Boring news just in: prepare to read yet another article on how fashionable pastel-coloured everything is this season. Soz.
Thing is, of all the articles I’ve read on the new-season pastels, not one has mentioned the important fact that sorbet shades can make the wearer look absolutely horrific. Take me, for example. My skin is so pale it looks blue, but when I talk or laugh, I flush bright red. In summer, my skin goes all mottled like a packet of cheap ham about to go off at the supermarket. Pop me in a perilously pink trouser suit and prepare for bad things to happen…
“‘Rules’ aside, one thing I do know for sure is if you can find the right shade, a pastel-coloured suit could be a v modern alternative to wearing a dress to a wedding this summer”
Like an ice cream loaded with additives I never let my kids eat, I actually quite like the slightly ‘off’ pale blue that’s around right now but, good God, it can unflattering. Ditto that weird yellow. But what if you have hints of yellow in your skin? Should you avoid wearing it – isn’t that the rule? When it comes to rules, honestly, I give up – there are just too many factors involved. Trying things on is the only way to figure out which pastel shade will suit you (let me know if you’re successful). How do I know? Well, I went to Zara last week and tried on all the pastels they had on the shop floor and, weirdly, a pale-blue dress that matched my pale-blue skin ended up looking quite nice (unless I’ve totally lost the plot). ‘Rules’ aside, one thing I do know for sure is if you can find the right shade, a pastel-coloured suit could be a v modern alternative to wearing a dress to a wedding this summer. Having said that, can we talk about Saoirse Ronan wearing Calvin Klein at the Oscars this season?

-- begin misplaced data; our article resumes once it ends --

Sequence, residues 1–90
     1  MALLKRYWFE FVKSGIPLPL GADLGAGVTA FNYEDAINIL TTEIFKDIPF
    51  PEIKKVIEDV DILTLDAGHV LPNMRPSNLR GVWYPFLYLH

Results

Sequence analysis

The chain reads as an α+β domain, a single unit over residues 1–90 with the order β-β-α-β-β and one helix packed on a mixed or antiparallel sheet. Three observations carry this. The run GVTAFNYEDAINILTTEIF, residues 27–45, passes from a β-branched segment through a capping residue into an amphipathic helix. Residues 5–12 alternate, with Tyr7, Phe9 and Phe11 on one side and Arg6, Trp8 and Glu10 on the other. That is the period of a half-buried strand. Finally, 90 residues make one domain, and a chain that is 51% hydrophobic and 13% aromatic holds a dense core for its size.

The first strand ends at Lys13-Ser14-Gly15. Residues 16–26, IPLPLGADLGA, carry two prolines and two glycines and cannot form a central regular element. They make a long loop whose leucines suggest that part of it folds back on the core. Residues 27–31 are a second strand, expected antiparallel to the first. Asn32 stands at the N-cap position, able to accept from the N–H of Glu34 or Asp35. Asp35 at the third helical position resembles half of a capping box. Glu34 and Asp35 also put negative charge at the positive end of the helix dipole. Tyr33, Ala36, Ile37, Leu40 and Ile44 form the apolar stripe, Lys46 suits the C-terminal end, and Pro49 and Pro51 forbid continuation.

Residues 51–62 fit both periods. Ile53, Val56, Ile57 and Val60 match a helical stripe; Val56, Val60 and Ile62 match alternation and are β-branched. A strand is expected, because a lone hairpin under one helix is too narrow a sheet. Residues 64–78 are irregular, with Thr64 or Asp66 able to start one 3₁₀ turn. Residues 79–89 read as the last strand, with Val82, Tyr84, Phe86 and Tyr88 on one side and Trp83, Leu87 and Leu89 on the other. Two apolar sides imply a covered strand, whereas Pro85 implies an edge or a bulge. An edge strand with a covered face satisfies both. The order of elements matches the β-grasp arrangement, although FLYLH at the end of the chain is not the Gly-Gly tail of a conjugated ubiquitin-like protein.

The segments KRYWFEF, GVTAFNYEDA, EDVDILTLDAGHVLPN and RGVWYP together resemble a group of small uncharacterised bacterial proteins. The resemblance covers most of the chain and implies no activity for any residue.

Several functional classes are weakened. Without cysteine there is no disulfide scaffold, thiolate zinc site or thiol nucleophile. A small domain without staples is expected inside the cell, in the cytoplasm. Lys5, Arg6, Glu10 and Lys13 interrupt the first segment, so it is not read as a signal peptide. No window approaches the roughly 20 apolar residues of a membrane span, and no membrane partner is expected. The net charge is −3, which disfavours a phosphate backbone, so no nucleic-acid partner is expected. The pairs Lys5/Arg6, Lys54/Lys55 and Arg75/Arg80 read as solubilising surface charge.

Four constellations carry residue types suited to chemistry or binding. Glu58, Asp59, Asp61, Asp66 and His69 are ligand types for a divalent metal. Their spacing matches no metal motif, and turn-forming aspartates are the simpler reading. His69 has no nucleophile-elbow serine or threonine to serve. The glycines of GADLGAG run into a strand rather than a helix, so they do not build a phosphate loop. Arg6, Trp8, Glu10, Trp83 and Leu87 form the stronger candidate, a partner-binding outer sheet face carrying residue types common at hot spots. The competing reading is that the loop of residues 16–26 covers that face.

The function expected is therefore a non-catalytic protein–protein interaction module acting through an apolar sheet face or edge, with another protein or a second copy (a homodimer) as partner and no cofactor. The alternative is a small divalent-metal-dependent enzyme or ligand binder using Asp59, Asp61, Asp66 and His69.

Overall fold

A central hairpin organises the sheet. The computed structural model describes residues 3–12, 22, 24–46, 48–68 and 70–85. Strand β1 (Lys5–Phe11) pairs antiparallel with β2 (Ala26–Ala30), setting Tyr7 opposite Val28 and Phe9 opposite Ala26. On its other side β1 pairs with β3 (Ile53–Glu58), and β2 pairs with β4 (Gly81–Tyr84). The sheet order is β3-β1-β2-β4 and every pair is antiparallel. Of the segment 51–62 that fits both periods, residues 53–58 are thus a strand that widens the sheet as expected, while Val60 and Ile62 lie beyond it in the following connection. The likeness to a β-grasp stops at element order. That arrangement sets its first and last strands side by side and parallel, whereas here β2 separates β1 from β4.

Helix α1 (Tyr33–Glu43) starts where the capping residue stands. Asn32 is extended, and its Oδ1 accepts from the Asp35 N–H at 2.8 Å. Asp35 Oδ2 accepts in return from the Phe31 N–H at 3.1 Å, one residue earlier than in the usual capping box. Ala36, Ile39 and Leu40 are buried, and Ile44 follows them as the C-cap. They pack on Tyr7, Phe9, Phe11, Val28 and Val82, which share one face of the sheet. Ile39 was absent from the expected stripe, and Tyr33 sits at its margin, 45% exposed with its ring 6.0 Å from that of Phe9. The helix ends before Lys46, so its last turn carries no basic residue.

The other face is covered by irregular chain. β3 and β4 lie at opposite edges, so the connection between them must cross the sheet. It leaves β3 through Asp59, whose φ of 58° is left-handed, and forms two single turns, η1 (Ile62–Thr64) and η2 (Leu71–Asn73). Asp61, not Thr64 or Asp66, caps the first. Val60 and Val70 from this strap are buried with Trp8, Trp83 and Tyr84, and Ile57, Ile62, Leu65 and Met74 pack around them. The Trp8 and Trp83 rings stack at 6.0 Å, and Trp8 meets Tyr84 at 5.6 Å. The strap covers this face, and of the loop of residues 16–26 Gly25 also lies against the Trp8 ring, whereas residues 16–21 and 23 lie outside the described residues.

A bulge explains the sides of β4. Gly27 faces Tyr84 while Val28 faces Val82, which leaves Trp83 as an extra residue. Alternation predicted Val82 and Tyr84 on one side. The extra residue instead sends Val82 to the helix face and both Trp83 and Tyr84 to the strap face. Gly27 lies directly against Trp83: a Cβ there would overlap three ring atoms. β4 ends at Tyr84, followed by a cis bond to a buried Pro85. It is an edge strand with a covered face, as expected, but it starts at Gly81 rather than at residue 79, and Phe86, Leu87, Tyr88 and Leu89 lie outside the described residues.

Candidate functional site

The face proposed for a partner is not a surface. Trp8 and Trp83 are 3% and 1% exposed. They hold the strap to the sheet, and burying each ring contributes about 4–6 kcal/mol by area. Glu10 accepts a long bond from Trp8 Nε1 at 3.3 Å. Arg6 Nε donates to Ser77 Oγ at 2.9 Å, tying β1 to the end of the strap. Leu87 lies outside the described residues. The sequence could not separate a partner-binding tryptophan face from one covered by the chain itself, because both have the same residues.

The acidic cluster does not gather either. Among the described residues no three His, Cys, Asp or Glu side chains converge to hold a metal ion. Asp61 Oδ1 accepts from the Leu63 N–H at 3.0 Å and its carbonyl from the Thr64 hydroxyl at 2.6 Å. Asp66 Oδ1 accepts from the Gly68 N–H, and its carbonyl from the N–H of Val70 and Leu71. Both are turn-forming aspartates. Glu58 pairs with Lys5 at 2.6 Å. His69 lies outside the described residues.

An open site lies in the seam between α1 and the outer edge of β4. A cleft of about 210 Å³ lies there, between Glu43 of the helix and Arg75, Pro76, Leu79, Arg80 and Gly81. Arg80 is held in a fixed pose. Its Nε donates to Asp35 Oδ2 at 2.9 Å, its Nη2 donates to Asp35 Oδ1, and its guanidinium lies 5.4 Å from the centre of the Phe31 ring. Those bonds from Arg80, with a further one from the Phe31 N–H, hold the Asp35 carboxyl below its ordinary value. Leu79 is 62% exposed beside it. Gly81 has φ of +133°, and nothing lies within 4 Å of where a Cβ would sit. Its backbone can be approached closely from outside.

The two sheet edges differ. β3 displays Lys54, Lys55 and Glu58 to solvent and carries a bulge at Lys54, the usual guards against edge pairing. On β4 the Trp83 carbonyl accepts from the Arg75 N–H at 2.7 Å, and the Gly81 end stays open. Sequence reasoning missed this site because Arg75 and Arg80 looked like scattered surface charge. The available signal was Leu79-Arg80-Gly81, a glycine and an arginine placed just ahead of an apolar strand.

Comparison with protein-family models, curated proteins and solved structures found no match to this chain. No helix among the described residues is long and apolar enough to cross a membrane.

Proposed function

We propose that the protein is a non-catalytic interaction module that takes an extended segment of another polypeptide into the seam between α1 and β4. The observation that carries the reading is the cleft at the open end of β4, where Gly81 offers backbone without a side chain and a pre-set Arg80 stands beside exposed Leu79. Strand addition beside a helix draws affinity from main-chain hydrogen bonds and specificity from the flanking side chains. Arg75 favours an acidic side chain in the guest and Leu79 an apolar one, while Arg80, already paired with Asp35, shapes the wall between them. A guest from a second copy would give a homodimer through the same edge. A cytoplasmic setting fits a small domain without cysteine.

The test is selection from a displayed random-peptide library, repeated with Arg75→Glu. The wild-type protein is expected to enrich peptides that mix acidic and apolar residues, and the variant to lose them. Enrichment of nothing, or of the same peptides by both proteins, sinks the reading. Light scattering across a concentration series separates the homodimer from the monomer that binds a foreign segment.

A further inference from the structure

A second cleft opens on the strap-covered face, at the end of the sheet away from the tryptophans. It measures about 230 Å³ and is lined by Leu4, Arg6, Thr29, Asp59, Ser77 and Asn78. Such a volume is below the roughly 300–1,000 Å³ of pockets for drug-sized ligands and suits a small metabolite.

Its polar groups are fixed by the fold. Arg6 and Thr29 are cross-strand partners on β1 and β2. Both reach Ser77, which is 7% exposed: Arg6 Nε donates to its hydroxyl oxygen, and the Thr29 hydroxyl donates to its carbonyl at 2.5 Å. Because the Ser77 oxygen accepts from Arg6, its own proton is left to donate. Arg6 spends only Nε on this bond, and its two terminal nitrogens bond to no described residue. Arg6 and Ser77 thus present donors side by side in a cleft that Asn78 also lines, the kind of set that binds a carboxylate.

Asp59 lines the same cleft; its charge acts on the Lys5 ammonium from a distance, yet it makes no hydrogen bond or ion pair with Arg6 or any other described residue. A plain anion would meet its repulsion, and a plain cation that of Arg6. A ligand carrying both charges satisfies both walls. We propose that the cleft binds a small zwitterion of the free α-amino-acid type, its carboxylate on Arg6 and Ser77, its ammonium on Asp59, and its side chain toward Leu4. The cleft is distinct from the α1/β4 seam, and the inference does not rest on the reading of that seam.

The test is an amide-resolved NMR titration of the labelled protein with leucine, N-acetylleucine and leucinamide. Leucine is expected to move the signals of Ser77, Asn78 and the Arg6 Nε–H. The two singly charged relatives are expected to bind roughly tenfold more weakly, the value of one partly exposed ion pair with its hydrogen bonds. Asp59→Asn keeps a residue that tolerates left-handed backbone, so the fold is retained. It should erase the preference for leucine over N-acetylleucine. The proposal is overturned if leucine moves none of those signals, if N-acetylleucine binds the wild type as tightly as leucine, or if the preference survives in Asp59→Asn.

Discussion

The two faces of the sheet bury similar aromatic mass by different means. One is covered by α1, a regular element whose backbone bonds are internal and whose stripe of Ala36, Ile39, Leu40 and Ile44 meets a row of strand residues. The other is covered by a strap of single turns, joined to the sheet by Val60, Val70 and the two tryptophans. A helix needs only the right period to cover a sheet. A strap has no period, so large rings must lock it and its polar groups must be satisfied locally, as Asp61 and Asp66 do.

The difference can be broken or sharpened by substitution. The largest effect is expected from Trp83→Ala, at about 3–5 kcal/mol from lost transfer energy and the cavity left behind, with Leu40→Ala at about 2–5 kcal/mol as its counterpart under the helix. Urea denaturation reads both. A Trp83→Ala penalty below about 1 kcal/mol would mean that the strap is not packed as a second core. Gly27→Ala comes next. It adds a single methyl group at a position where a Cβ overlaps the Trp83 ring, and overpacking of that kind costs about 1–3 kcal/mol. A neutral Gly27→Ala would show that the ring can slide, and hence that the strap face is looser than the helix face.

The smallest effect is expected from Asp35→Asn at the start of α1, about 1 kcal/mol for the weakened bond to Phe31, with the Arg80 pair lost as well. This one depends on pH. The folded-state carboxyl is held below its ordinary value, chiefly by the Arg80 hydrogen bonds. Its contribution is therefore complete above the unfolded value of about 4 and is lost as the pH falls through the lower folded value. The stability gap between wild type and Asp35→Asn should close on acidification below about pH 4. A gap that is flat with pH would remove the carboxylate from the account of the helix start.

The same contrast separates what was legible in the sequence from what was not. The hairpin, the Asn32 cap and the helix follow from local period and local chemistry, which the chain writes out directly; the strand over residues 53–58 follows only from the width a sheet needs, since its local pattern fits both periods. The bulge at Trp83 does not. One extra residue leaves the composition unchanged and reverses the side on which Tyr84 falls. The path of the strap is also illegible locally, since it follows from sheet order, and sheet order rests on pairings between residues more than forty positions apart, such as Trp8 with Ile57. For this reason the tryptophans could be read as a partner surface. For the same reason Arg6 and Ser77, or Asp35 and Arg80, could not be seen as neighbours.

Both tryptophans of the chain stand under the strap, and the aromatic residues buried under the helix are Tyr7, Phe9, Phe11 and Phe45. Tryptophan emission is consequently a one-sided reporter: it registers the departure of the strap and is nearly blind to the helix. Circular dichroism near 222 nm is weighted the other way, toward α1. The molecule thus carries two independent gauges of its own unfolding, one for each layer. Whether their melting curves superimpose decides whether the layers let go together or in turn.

“I know my trouser-shape limitations and they are cut high on the waist and narrower on the leg”
If you fancy wearing pastel tailoring, let’s start with cut. Personally, I prefer double-breasted jackets with a stronger shoulder, as they work well worn separately with denim for work or at the pub at the weekend. Also, when it comes to what to wear underneath your jacket, you’ll need to experiment with necklines. I love silky camisoles under suiting, because the less fuss around the neckline, the better (avoid mumsy-looking pussy-bow blouses with suiting – too Maggie Thatcher). Then there’s the trouser shape. (Uh oh, here we go…) Nothing to do with having kids, my waist has always been much wider than my actual trouser size, meaning anything that fits on the leg and across the hips is too usually too tight on the tummy. With a straight-up-and-down figure like mine – ie a waist that refuses to go in, no matter how many side-crunches I do – I’d be a fool to wear wide-legged trousers with a boxy jacket, for fear of looking like a rectangle. I know my trouser-shape limitations and they are cut high on the waist and narrower on the leg. Shoe-wise, because I have short legs, high, open-toed sandals in plain colours or metallic shades flatter most.
If you’re lucky enough to possess a waist that goes in and hips that curve out, you could look great in wider-leg styles. Wear wide-legged, mid-rise trousers with chunky block heels. Add a pair of ginormous earrings in a clashing colour and a mismatched clutch bag, and that’s pretty much job done. Well, once you’ve found the right sorbet shade for you, that is. And if you don’t? Ignore the trend altogether and stick to what suits you. Or wear a dress. Or do whatever you damn well feel like. *Orders cocktail; vows never to try ‘weird yellow’ again*